Shadow of the Crystal Palace: The Setting

Written by on August 21, 2019

Strange aeons are afoot at the Crystal Palace!

Welcome, intrepid reader: you’ve found the second of three articles exploring the world of Call of Cthulhu: Shadow of the Crystal Palace, our cosmic horror one-shot made in tandem with our friends at Chaosium. Previously, we offered a glimpse at the genesis of our incredible cast of investigators (including characters brought to life by Ashly Burch, Erika Ishii, Phil LaMarr, Liam O’Brien, Marisha Ray, and Travis Willingham). This time, we’re taking a look at the setting itself, along with several printed peripherals our beloved Keeper of Arcane Lore — the inimitable Taliesin Jaffe — has produced from the corners of his delightfully esoteric mind.

In case you missed it, Shadow of the Crystal Palace tasked an intrepid group of gaslight-era investigators with an epic heist that took a rather spooky and supernatural turn. Before reading any further, be sure to check out the full one-shot (spoiler warnings are in full effect). The scenario itself was designed to serve as a prequel of sorts to the “Edge of Darkness” scenario (featured in the Call of Cthulhu Starter Set), and takes place some 30 years or so prior to those events. The elder evil referenced in Chaosium’s “Edge of Darkness” was brought to murky life by Jaffe, who led our motley crew of sleuths on the adventure of a thousand lifetimes. But enough preamble, we’ll let Taliesin take over from here…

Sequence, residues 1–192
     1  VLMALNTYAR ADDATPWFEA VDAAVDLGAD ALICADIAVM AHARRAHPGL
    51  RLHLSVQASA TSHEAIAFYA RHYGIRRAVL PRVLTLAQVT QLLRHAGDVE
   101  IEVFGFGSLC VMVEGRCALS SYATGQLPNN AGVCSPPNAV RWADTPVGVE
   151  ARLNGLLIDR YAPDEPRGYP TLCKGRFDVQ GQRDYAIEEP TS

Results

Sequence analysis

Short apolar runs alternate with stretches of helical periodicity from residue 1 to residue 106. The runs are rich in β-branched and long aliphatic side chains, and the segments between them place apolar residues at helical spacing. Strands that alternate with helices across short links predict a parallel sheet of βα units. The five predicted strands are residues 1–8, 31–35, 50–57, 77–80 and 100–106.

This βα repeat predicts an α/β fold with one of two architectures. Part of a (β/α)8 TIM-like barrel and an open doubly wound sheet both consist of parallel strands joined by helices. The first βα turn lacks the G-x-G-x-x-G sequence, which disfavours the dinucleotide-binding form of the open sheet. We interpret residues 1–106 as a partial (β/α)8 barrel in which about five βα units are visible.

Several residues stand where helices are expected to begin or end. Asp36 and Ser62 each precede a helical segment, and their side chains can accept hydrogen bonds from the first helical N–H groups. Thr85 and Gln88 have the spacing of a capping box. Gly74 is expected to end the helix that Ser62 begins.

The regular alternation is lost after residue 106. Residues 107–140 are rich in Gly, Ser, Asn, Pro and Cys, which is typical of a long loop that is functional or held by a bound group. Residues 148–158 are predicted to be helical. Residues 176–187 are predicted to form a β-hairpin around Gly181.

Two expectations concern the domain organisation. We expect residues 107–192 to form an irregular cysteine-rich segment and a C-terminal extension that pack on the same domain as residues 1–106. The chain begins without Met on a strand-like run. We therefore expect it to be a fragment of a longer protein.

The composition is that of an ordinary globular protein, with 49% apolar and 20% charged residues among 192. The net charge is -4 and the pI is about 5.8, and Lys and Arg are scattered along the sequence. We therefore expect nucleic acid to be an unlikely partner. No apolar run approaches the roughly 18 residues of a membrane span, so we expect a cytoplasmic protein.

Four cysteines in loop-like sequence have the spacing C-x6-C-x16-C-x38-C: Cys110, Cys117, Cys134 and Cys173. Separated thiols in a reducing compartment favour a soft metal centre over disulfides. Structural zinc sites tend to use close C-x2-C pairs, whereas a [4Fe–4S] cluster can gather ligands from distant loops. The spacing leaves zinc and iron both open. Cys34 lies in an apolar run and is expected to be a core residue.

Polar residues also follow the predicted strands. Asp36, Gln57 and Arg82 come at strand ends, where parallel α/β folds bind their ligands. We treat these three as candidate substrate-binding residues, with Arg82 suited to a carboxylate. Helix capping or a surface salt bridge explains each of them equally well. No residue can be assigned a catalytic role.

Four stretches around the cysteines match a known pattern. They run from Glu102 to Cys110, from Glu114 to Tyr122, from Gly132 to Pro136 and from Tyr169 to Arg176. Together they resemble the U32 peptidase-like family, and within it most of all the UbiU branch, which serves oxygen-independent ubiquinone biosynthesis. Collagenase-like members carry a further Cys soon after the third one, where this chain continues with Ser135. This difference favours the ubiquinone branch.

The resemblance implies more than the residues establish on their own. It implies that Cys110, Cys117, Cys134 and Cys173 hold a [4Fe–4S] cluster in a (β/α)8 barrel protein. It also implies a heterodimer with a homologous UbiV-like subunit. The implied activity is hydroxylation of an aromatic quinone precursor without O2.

The Crystal Palace: Originally built for the 1851 World’s Fair, I thought the unusual architecture and a multitude of reflective surfaces would be a great location for the game. There were plenty of odd secrets and strange bits of lore about the building that we didn’t tap into, but I like the notion that the building itself might be a giant spirit trap.

The Cat Show: Yes, there really were cat shows at the Crystal Palace — including the first year, and it was held at the end of October. The official minutes at the beginning of the game are based on notes and articles I found from the 1891 cat show. They were too good not to use.

The Illuminati: I love monster hunters, so the notion of a centuries-old society working to contain and battle the primordial enemies of man rock my fucking world.


Dr. Pocket’s Pamphlet: A very short quarter-page I gave to Phil before the game. It gave him a general idea of his “world shadow” theory, sprinkled with some keywords that I hoped would lead him to interact with artifacts in certain ways. Much to my amazement, Phil took what I wrote and continually built on it throughout the game (and was dead-on correct way more often than not).

The Newspaper: Before the game, each player was given a “local paper” that included a bit of information everyone would have had about a few of the characters, including a historical advertisement for the cat show and a real article about Baroness Hayashi’s local jiu-jitsu class.

The Fountain Plaque: The plaque and the time capsule were invented, but the poem and poet were very real. This is just a few choice verses from “The Crystal Palace,” a poem written about this building by William Makepeace Thackeray.

The Notes from Gennai: The original idea was to procure a proper Japanese translation, but BOY we did not have time for that. A partial success would have given the players a note with a few helpful words translated, occasionally with several possible meanings (i.e. shadow / darkness / void).

The Automaton Fortunes: These were a mix of irritating sayings and slightly helpful clues, distributed randomly. Each time they used the automaton, the chances of it breaking increased by 10%. That would have been a thing. This was a gentle homage many of the classic automata of the age.

Call of Cthulhu: Shadow of the Crystal Palace originally aired Monday, July 29th on the Critical Role Twitch channel, and is available on-demand now for Twitch subscribers and via the Critical Role YouTube channel. Don’t forget to leave the light on…


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